The flashlight's beam revealed her son's small form. Wedged under the table in a small hole where the concrete had broken away from the wall, Davy lay curled in a fetal position, his thumb in his mouth. His favorite book, The Tale of Three Trees by Angela Hunt, was clutched against his chest. Right now he looked even younger than his four years. Bree reached out and touched his face. "Hey, pumpkin, found you. You ready to quit playing hide-and-seek and get back to bed?" It was all she could do to keep her voice light.
Davy blinked slowly and pulled his hand away from his mouth. "Mommy," he said. "I'm thirsty."
"Well, come on out from there and I'll get you a drink of juice." She shoved the table out of the way then scooped him into her arms and held him tightly. She could feel his heart beating as rapidly as hers.
He buried his face against her neck. "I was trying to find you, Mommy. But she wouldn't let me go."
Davy never called the woman who found him after the plane crash by her real name, Rachel. It was always "her" or "she." Bree stroked his damp hair. "You're safe now, pumpkin."
The doctor said it was very important not to let him know how his night wanderings upset her. They more than upset her. They took her back to the terrible year she and Samson had spent searching for the plane wreckage and his body.
Instead, a wonderful miracle had awaited her, but the trauma of separation had scarred them both. She clutched her son more tightly until he stirred restlessly. "Let's get you upstairs," she said with a cheeriness she didn't feel.
She snapped her fingers at Samson, but the dog was busy scratching at the hole Davy had burrowed into. "Come on, Samson. It's late."
She started toward the steps, but still the dog didn't follow. Frowning, she watched Samson. As one of the best search-and-rescue dogs in the country, he could find a flea in a haystack. Right now he was acting as if he was on a mission. He whined and scratched at the wall again.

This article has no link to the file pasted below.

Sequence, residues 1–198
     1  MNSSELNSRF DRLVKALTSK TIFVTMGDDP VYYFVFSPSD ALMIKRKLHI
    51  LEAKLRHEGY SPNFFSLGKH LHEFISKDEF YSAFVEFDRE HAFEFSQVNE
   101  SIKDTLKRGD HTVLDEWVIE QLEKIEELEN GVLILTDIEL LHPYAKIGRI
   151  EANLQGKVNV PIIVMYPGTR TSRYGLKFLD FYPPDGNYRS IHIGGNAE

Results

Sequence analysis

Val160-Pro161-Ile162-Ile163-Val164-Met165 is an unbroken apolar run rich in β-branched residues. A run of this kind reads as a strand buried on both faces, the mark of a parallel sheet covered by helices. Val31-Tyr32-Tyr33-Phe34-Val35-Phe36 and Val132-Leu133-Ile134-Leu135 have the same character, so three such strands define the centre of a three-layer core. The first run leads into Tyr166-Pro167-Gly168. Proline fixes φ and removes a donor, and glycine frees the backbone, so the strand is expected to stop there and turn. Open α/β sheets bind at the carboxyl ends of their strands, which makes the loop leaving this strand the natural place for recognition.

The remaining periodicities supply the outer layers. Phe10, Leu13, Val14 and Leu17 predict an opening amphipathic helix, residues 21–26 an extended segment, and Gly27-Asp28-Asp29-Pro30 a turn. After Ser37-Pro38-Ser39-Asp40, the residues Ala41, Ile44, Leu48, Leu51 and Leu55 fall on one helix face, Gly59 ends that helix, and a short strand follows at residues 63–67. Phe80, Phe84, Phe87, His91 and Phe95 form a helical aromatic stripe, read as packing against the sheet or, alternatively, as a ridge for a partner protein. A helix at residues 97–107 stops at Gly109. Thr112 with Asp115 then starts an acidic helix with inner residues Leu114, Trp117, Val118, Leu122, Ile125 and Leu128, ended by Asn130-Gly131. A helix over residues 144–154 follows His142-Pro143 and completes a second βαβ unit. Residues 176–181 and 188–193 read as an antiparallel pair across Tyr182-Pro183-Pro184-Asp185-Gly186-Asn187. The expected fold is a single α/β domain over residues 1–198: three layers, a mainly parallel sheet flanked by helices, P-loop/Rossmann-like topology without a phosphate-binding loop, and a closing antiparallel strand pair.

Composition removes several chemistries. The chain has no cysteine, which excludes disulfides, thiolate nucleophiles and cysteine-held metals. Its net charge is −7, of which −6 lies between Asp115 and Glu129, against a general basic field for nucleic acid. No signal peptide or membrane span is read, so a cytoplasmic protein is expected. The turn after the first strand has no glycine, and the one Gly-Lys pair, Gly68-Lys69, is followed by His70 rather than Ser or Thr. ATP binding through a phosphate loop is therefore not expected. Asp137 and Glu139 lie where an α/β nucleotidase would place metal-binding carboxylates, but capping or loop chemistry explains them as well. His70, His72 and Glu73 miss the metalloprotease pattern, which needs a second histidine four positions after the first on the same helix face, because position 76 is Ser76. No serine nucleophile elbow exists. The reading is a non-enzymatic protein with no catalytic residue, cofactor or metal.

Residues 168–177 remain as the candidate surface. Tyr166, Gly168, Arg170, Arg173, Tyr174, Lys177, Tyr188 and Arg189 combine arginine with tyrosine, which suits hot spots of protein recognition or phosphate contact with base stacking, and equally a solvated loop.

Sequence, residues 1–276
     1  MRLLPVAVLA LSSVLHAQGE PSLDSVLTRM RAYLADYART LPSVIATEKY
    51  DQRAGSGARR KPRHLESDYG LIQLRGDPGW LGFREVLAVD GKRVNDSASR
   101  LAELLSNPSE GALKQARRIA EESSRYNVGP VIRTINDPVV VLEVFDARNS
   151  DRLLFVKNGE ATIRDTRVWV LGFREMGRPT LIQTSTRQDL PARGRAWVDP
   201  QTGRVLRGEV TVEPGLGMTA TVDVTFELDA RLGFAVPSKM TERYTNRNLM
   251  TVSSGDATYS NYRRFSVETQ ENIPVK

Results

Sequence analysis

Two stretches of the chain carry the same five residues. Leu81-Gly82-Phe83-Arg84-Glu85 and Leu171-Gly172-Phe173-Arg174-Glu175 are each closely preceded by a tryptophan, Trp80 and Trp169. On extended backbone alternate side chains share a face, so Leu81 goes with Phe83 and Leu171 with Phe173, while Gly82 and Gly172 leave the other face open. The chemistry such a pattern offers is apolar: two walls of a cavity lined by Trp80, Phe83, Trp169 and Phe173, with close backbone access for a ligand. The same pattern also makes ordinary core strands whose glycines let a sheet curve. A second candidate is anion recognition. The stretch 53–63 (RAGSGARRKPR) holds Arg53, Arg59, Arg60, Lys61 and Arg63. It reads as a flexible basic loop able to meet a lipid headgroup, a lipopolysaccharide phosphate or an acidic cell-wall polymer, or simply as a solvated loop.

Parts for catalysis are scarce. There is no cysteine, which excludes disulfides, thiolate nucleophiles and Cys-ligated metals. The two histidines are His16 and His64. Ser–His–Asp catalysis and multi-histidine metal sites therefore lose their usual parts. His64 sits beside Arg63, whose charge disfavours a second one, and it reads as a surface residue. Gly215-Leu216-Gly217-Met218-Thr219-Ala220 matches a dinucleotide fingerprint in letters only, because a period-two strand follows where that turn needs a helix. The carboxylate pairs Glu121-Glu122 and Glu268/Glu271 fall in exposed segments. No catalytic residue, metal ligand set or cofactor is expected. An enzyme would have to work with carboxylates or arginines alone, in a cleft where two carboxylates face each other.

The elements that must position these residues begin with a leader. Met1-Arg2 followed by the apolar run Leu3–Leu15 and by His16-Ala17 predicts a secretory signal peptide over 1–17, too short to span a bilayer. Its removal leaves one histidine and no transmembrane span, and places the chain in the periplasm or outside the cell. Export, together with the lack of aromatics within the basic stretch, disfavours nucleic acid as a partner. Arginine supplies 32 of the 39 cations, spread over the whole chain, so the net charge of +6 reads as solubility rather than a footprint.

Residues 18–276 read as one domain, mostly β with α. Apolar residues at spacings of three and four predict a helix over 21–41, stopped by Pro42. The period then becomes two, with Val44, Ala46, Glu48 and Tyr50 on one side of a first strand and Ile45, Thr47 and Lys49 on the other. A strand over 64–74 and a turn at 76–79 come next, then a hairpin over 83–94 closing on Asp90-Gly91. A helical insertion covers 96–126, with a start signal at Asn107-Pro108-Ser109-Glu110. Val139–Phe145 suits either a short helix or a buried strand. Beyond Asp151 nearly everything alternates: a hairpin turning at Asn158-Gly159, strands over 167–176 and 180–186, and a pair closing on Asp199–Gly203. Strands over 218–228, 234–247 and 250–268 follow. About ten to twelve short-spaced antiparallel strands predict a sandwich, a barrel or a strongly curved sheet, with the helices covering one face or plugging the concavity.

Bree flicked on the flashlight and shone it on the open hole. The beam revealed a bigger space than she had originally perceived. What was back there that had Samson so upset? He growled and dug tenaciously.
The flashlight's beam flickered, and she turned it off. "Come on, Samson. We'll see what's back there tomorrow." Still holding Davy in one arm, she reached down and tugged at the dog's collar. He ceased digging reluctantly, then followed her up the stairs. She made a mental note to call Kade tomorrow and have him help her take a look.
Julia Child's gravelly voice was enough to compete with fingernails on a chalkboard, but Bree didn't notice, so intent was she on the woman's instructions. His night terror of just hours before forgotten, Davy sat on the bar stool, his thin legs swinging and his gaze on his mother as she watched Julia on a small kitchen television mounted under the cabinets. Floury hand prints marked Bree's jeans, but she would change into a clean pair of slacks before dinner.
Samson lay on the floor in a patch of sunshine streaming through the kitchen window. The Snow King had tightened his grip on Michigan's Upper Peninsula. Outside the Nichollses' lighthouse home, thick floes of ice floated in Lake Superior like great white whales stretching in the morning sun. Spring's gentle touch would wrest the U.P. from winter's clutches in a few more weeks.
Bree kept stealing glances outside as she worked. She loved Rock Harbor, Michigan. Small but quaint, it perched along Lake Superior with the water to its west and massive stretches of North Woods surrounding the rest of the small town. Good people lived here, many from Finnish stock, hardy and sometimes painfully honest. She couldn't imagine living anywhere else now.
Her tongue poking the side of her mouth, Bree measured the cinnamon and dumped it in the bowl with the apples. She would turn out a great pie if it killed her. Her mother-in-law, Anu, had told her not to bother, that she could make the pies for Easter. But with the store's twentieth anniversary bash going on, Bree didn't want Anu to have to do it all. Besides, now that Davy was home, Bree needed to learn to cook better. It was fine for her to live on peanut-butter sandwiches and canned soup, but it wasn't good enough for her son. She'd been working on her culinary skills for several months now, but cooking wasn't something that came naturally.
She took a moment to glance at her son. He'd only been home a little over three months, and she still didn't get enough of looking at him. His heart-shaped face was a miniature version of Bree's own, though his nose was his father's, as were his ears. The best of them both, Rob had always said. The thought of her late husband was both a pain and a pleasure. But slowly she was getting on with her life. At least that's what she told herself.
"Can I have some 'stachios?" Davy asked.